Gadolinium-based contrast agents (GBCAs) have been used for years for magnetic resonance imaging examinations. Because of their rapid blood clearance, they were considered as very safe products until some of them were shown to induce nephrogenic systemic fibrosis in patients with renal failure and hypersignals on T1-weighted unenhanced brain scans of patients with normal renal function. To date, these adverse effects have been related almost exclusively to the use of low-stability linear agents, which are more prone to release free gadolinium. The aim of the present meta-analysis was to ascertain the existence of a deep compartment for gadolinium storage in the body and to assess whether all the GBCAs present the same toxicokinetic profile.
Materials and Methods
Applying a systematic literature search methodology, all clinical and preclinical studies reporting time-dependent plasma concentrations and renal excretion data of gadolinium were identified and analyzed. Since the individual data were not available, the analysis focused on the average values per groups of subjects or animals, which had received a given GBCA at a given dose. The rate constants of the distribution phase (α), rapid elimination phase (β), and residual excretion phase (γ) of gadolinium were determined in each group from the plasma concentration (Cp) time curves and the relative urinary excretion rate (rER) time curves, taking the 2-hour time point as a reference. Moreover, as bone may represent a reservoir for long-term gadolinium accumulation and slow release into the blood stream, the time curves of the relative concentration in the bone (rCB) of 153Gd-labeled GBCAs in mice or rats were analyzed taking day 1 concentrations as a reference. The ratio of gadolinium concentrations in the bone marrow (CBM) as compared with the bone (CB) was also calculated.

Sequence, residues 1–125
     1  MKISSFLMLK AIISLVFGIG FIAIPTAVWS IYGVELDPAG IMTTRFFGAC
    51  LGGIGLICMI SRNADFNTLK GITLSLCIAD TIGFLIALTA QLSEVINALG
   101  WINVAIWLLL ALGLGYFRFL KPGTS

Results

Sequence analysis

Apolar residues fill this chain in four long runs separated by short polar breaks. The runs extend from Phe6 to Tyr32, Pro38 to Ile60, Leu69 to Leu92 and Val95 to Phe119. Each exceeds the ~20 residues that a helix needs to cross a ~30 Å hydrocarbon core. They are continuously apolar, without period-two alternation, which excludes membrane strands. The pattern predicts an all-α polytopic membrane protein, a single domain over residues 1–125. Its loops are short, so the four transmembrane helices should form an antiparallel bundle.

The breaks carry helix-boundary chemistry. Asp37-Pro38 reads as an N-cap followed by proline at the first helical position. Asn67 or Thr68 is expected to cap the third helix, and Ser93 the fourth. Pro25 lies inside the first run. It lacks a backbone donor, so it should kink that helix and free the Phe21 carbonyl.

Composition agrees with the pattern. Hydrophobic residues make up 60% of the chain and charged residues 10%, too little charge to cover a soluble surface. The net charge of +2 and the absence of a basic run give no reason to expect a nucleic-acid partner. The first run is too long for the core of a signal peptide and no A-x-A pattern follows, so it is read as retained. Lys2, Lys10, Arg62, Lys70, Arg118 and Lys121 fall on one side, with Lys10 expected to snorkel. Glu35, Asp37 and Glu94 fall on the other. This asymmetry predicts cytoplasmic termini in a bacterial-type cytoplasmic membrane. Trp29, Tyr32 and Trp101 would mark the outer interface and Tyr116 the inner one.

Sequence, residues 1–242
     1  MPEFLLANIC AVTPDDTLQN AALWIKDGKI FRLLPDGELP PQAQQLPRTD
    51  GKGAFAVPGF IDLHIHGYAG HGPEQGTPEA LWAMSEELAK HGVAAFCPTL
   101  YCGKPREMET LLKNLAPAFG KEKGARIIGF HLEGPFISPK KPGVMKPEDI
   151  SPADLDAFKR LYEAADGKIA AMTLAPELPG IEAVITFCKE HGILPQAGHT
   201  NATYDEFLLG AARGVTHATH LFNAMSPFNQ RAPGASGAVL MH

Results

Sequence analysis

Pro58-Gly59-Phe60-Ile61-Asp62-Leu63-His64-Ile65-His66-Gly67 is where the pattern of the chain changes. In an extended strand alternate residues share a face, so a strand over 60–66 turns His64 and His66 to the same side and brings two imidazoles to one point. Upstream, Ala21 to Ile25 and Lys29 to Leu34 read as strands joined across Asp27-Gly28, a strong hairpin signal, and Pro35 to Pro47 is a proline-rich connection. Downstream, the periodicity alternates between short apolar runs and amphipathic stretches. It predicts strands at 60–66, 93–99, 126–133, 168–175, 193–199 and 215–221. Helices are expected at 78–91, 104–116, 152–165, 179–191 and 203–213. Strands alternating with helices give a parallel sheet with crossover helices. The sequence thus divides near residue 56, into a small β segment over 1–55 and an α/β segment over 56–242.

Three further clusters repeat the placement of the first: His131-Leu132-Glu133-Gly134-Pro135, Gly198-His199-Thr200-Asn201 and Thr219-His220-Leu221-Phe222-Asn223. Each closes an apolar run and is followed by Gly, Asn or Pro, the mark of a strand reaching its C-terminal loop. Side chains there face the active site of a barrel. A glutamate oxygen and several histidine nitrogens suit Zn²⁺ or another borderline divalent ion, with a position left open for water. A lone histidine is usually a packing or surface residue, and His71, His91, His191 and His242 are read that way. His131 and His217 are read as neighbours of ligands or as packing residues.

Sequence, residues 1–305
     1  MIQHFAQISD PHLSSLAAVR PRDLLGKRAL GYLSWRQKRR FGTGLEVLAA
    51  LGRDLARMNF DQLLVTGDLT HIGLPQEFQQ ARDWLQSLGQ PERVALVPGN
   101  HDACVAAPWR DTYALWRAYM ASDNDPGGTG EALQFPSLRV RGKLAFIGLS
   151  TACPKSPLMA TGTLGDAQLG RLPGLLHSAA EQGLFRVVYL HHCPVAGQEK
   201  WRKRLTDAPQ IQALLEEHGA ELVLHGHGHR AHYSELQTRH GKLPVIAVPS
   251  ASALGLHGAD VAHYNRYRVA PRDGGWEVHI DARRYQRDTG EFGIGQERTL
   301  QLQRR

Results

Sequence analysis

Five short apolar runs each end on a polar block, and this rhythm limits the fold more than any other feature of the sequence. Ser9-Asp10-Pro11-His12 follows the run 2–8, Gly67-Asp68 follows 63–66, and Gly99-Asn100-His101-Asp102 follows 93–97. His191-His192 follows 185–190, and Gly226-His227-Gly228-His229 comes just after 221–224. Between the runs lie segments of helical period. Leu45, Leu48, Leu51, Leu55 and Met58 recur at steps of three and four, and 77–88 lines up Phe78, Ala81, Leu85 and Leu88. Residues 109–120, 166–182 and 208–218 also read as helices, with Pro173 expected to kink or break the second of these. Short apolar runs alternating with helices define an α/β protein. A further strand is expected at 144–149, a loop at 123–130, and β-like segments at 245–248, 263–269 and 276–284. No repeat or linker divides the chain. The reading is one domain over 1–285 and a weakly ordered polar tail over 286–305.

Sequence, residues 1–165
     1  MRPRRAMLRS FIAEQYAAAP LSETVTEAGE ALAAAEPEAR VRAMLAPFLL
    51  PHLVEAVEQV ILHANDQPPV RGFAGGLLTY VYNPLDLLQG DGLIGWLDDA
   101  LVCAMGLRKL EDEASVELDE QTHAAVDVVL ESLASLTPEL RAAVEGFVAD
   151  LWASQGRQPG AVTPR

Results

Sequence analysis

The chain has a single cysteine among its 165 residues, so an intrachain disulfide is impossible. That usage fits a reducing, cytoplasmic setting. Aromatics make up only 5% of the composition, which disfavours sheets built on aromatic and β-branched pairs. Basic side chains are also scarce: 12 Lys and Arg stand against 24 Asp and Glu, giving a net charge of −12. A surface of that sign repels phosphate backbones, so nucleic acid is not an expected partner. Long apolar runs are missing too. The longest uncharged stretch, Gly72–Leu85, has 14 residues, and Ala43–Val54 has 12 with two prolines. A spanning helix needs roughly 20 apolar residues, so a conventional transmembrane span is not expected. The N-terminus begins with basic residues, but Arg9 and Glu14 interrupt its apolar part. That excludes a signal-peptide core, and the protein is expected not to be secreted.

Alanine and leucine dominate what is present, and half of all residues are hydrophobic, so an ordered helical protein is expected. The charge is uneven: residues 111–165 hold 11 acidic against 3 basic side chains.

The relative urinary excretion rate (rER) plots revealed a prolonged residual excretion phase of gadolinium in healthy volunteers, consistent with the existence of a deep compartment of distribution for the GBCAs. The rate constant γ of gadoterate meglumine (0.107 hour−1) is 5 times higher than that of the linear agents (0.020 ± 0.008 hour−1), indicating a much faster blood clearance for the macrocyclic GBCA. Similar results were obtained in the preclinical studies. A strong correlation was shown between the γ values of the different products and their respective thermodynamic stability constants (Ktherm). Greater clearance rates of 153Gd from murine bone were also found after gadoterate meglumine or gadoteridol injection (0.131–0.184 day−1) than after administration of the linear agents (0.004–0.067 day−1). The concentrations of 153Gd in the bone marrow (CBM) from animals exposed to either gadoterate meglumine or gadodiamide are higher than those in the bone (CB) for at least 24 hours. Moreover, the ratio of concentrations (CBM/CB) at 4 hours is significantly lower with the former agent than the latter (1.9 vs 6.5, respectively).
Using a nonconventional pharmacokinetic approach, we showed that gadoterate meglumine undergoes a much faster residual excretion from the body than the linear GBCAs, a process that seems related to the thermodynamic stability of the different chelates. Gadolinium dissociation occurs in vivo for some linear chelates, a mechanism that may explain their long-term retention and slow release from bone. Potential consequences in terms of bone toxicity warrant further investigations.